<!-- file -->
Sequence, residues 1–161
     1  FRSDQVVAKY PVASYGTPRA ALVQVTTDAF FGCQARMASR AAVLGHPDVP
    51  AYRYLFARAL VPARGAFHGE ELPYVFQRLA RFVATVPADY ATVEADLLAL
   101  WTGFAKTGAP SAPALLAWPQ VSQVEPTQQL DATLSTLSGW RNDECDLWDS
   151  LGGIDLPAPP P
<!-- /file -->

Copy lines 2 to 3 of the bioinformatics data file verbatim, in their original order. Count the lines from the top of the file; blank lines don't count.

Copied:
     1  FRSDQVVAKY PVASYGTPRA ALVQVTTDAF FGCQARMASR AAVLGHPDVP
    51  AYRYLFARAL VPARGAFHGE ELPYVFQRLA RFVATVPADY ATVEADLLAL